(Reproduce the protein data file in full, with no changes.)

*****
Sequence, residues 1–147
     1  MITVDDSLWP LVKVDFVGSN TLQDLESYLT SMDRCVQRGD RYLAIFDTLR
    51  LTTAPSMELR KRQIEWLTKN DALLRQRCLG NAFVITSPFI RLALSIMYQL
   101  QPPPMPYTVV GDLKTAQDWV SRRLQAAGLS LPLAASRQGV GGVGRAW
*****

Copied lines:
Sequence, residues 1–147
     1  MITVDDSLWP LVKVDFVGSN TLQDLESYLT SMDRCVQRGD RYLAIFDTLR
    51  LTTAPSMELR KRQIEWLTKN DALLRQRCLG NAFVITSPFI RLALSIMYQL
   101  QPPPMPYTVV GDLKTAQDWV SRRLQAAGLS LPLAASRQGV GGVGRAW